O’ Brien thrives in Catawba victory

  • Posted: Sunday, November 3, 2013 12:20 a.m.
    UPDATED: Sunday, November 3, 2013 12:22 a.m.
Catawba's Bruce Smith #80 and the official signal a TD on Smith's juggling catch.    photo by  Wayne Hinshaw, for the Salisbury Post
Catawba's Bruce Smith #80 and the official signal a TD on Smith's juggling catch. photo by Wayne Hinshaw, for the Salisbury Post

SALISBURY — Catawba quarterback Danny O’Brien made a half-flip, half-dive into the end zone for the game-deciding touchdown and reacted by bouncing around like he’d just won the Rose Bowl.

“A game-winning touchdown, even it’s in your own backyard, is pretty exciting,” said a smiling O’Brien, who transferred to Catawba for his final college season after playing at Maryland and Wisconsin. “When we started this season we wanted to go undefeated, but we lost some close ones, and now the goal is a winning season. I like to think a winning season will help all the Catawba teams in the future.”


O’Brien was dazzling in the first half of Catawba’s 38-31 victory against Mars Hill on Saturday.

At the break, O’Brien already had 253 passing yards, including TD tosses to Bruce Smith and Nate Charest, but Mars Hill QB Trent Miller was matching him, and the Lions and Indians were deadlocked 24-all.

Catawba (5-4, 3-3 SAC) was fortunate to be tied. Mars Hill (2-7, 0-5 SAC) kicked a 44-yard field goal after being penalized on a faked field goal that might have gone for six.

“We would’ve walked in for a touchdown on the fake,” Mars Hill coach Tim Clifton said. “Unfortunately, we jumped offsides.”

The defenses made their halftime adjustments, and it got harder for both teams to move the ball.

The Lions went ahead 31-24 on Miller’s 3-yard pass to Jamel Hall late in the third quarter, and Catawba, its offense stagnant, appeared to be in trouble.

The game changed, however, when Catawba’s Lorenzo Pooler broke a 58-yard run on a second-and-2 play that went from the Catawba 31 all the way to the Mars Hill 11.

“We pulled a guard, and I saw a big hole and I hit it full speed,” Pooler said. “You can’t look back, but I looked back. That’s why they were able to walk me down (on the 11).”

Catawba scored two plays later. O’Brien fired a slider, low and away, but freshman Carlos Tarrats made a remarkable diving catch in the end zone with 5:56 left.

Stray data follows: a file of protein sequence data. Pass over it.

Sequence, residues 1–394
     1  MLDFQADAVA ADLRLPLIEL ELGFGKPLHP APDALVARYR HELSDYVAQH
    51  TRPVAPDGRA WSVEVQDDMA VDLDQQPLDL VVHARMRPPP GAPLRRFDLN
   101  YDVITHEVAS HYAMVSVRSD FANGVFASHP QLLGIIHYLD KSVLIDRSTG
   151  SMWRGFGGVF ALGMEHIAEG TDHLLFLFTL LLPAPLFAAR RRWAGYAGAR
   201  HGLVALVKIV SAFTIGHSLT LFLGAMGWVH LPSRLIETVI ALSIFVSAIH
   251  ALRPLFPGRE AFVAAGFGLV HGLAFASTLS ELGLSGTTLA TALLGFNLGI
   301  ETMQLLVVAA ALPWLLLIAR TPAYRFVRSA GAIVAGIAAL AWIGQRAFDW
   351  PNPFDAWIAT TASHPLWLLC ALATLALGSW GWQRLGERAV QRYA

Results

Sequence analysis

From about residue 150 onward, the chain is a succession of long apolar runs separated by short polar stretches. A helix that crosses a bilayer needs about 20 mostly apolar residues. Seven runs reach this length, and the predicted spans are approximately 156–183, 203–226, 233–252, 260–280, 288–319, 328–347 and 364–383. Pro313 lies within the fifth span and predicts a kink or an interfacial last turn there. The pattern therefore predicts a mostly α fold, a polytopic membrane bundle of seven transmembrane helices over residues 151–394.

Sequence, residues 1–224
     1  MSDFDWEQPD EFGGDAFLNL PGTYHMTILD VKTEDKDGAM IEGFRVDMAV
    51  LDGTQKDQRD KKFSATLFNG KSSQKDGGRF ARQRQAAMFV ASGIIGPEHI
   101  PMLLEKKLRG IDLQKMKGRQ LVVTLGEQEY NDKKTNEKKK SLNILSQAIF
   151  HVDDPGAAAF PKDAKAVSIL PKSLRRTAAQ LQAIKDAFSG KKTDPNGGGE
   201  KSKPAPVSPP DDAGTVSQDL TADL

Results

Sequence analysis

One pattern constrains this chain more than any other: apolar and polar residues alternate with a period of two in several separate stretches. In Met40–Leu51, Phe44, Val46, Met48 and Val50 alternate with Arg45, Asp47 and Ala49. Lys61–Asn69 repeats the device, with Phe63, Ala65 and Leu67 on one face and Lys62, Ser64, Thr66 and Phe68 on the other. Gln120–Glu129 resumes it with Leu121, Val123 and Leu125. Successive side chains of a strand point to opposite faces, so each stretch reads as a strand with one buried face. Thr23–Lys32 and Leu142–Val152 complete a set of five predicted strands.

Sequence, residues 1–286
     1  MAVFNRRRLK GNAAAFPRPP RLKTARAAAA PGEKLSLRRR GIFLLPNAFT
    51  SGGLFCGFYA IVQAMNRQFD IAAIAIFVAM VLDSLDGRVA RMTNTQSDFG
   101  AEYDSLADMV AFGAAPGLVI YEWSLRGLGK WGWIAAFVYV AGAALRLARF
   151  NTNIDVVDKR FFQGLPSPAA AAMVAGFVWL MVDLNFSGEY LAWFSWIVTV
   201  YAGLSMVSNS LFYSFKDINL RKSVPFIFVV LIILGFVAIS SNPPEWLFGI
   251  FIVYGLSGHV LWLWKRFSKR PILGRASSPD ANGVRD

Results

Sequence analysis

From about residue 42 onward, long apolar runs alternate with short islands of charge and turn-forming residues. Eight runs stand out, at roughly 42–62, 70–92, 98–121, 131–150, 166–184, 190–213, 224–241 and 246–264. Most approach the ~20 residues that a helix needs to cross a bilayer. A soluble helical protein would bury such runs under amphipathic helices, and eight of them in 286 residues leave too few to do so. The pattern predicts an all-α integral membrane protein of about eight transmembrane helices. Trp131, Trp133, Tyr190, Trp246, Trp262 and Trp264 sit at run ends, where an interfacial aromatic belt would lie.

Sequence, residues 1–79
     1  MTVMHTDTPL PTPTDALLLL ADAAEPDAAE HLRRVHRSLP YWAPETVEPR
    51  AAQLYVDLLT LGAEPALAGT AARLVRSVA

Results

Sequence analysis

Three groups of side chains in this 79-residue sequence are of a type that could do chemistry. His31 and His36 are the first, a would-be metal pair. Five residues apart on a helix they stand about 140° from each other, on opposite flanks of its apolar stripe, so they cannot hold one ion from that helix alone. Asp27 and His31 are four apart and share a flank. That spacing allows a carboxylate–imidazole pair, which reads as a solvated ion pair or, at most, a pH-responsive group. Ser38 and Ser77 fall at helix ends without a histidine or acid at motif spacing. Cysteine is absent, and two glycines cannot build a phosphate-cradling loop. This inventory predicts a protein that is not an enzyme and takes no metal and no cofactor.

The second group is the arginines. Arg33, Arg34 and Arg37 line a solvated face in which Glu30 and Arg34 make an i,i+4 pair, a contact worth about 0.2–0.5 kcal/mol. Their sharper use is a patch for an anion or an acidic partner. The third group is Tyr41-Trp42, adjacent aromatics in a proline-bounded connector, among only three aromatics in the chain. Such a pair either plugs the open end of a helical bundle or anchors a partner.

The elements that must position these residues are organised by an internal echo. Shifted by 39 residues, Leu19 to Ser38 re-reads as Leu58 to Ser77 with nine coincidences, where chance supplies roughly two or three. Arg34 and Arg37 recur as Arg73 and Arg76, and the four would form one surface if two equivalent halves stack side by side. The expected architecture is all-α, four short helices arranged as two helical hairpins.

“I ran a corner post, and when they played me outside, I turned right back inside and was open,” Tarrats said. “I had to do way down for the throw, but I was able to get it.”

“Carlos showed a lot of maturity today for a young guy,” O’Brien added. “He wasn’t involved much in the first half, but I told him at halftime he’d make a play for us. He was patient and he hung in there and when he had a chance to strike, he did.”

Tarrats’ catch made it 31-30 Lions, and Chad Hollandsworth kicked the pressure-packed PAT that tied it.

Next, Troy Mitchell executed on a pooch kick.

“We field that kickoff and there’s still five minutes left and we can run the ball or do whatever we want to do,” Clifton said. “But we just didn’t field it.”

Catawba cornerback Gary Williams made an all-out dive for the ball. Then he won a wrestling match in the pile.

“I’d been sprinting down every time we kicked off, but this one time they miscommunicated,” Williams said. “I put my body out there. I had to fight for the ball, but that’s what the weight room is for.”

Williams gave Catawba’s offense the ball at the Mars Hill 35, and the Indians punched it in from there. Cary Littlejohn did most of the work, and O’Brien made his decisive dash to the end zone on third-and-goal from the 4.

“They had everyone covered, so I tucked it,” he said. “We had momentum, and I was hoping momentum would take me to the end zone.”

It did. Barely.

After Catawba’s defense made one more stop, the o-line banged out one more first down, and it was over.

“Both teams played hard, but we didn’t make plays at the end and Catawba did,” Clifton said. “Injuries and not making enough plays — that’s been the story of our season.”

Catawba coach Curtis Walker exhaled after the tight win. He knew Mars Hill was better than its record, and the Indians hadn’t won at home since opening day.

“In the first half we did a lot of things the way we were supposed to do them, but then I got a little upset when we stopped,” Walker said. “Fortunately, those last five minutes we made the plays we needed to make. Guys were telling me how great it felt to win today, but that’s a feeling that should be natural for them.”






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